I don't know about you, but every now and then I get two emails and, because I read them back to back, they become connected. This happened today, when I reached Jackson, Tenn., to visit Union University. I thinned out the deluge of email from the previous day or so and then started reading. The Iraqi vote, of course, is one of the biggest stories out there today. I read the main Washington Post piece and, to my way of thinking, there was something missing. If the White House is going to be excited about this election and its impact on something that can be called a "democracy," then I want to know about the impact of this vote on issues such as free speech, women's rights, religious liberty and other related topics.
It may not be fair to read this story and let it stand alone, without taking into account other Post stories from the recent past. Still, read it and tell me what you think. Early on, we are told:
The strong overall turnout in the west, however, raised the possibility that the disempowered Sunni minority could defeat the draft charter, which endorses a loose federal system with a weak, religiously influenced central government. Many Sunnis fear the draft would bring the breakup of Iraq into ethnic and religious substates, and make permanent their loss of power to the Shiite Muslim majority after the toppling of Hussein. ...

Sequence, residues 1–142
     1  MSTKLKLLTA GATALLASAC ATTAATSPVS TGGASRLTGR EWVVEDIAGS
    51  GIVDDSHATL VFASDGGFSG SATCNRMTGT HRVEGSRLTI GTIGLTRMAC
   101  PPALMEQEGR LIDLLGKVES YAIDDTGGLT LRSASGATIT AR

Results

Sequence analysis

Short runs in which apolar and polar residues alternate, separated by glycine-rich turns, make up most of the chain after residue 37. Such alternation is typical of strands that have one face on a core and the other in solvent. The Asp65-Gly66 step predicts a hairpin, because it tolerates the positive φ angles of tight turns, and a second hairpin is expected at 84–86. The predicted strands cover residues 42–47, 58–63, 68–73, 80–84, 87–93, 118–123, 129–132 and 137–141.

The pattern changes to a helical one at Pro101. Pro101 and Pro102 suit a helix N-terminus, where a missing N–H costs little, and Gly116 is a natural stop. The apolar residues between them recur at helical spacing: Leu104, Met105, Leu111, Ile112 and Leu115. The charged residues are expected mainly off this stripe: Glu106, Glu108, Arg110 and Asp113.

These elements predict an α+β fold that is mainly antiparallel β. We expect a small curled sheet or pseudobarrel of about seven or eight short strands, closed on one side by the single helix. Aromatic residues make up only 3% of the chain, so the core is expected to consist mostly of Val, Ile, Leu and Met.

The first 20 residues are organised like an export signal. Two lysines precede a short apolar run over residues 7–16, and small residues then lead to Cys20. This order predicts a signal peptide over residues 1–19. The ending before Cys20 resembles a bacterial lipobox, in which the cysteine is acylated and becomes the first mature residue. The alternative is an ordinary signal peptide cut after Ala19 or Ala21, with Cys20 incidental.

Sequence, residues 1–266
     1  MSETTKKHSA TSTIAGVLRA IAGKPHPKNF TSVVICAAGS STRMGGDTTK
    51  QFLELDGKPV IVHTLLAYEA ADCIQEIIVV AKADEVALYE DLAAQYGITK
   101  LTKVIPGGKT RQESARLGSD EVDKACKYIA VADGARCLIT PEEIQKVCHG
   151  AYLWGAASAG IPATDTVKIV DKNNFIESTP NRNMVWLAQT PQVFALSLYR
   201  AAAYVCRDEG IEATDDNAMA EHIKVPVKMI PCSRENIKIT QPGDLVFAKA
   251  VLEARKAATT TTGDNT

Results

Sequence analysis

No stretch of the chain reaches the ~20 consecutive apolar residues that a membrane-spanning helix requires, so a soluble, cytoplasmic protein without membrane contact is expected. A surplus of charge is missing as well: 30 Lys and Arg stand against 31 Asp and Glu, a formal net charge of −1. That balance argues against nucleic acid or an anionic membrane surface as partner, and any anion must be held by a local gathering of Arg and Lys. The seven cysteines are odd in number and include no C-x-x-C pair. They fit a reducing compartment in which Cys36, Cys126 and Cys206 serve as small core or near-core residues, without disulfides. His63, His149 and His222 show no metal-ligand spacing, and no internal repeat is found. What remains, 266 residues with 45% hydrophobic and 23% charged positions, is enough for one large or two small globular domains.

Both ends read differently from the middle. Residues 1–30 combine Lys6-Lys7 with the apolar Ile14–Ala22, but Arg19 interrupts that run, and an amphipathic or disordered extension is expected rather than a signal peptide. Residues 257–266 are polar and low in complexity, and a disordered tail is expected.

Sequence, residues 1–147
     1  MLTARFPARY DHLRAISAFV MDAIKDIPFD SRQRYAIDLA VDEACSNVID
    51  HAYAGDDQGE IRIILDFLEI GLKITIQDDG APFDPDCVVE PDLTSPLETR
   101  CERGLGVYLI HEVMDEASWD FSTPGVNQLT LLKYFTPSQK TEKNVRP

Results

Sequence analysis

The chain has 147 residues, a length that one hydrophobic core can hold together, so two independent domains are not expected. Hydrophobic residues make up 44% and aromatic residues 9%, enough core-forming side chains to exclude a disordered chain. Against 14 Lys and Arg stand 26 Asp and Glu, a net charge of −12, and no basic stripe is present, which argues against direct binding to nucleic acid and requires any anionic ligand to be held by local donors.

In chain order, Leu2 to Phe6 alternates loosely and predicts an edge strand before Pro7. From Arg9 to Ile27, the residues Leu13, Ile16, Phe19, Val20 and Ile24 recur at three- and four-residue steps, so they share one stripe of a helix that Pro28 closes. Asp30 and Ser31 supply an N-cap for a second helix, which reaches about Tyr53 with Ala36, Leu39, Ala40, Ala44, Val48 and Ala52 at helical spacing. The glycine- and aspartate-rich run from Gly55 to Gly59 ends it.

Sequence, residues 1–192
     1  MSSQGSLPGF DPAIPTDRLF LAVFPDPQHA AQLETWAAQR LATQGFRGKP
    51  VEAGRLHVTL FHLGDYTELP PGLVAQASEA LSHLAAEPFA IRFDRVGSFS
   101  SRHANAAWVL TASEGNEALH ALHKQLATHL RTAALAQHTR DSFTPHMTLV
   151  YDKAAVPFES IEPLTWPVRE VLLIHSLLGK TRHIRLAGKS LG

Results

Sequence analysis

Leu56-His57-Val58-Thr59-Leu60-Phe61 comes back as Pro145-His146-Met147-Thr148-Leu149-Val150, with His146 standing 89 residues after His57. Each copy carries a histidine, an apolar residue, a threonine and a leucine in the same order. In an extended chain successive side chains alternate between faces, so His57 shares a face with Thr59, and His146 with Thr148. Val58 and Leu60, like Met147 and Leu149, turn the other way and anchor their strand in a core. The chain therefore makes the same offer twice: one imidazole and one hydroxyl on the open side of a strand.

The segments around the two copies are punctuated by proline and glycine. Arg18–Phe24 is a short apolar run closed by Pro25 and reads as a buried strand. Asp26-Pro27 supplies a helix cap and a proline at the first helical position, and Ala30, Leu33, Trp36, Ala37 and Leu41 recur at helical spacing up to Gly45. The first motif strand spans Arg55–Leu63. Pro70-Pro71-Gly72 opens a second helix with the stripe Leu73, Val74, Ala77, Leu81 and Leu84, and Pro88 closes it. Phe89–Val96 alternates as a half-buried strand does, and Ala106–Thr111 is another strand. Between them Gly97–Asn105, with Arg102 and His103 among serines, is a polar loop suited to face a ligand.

In his weekly radio address Saturday, President Bush said that the referendum dealt "a severe blow to the terrorists" while sending a message to the world. "Iraqis will decide the future of their country through peaceful elections, not violent insurgency." Bush said the referendum was "a critical step forward in Iraq's march toward democracy."
The religion element is there, but quickly vanishes. We learn valuable information about the strong turnout, the threat of violence, the potential political impact of the votes and other topics. But if religion is at the heart of these issues, what happened to that information? How will the vote and this new constitution affect basic human rights?
At that point, I opened another email. Click here to read a fresh Freedom House release on the vote. Then read the Post report again.
I don't know about you, but I want the excellent reporters at the Post to answer some of the questions raised by the Freedom House activists.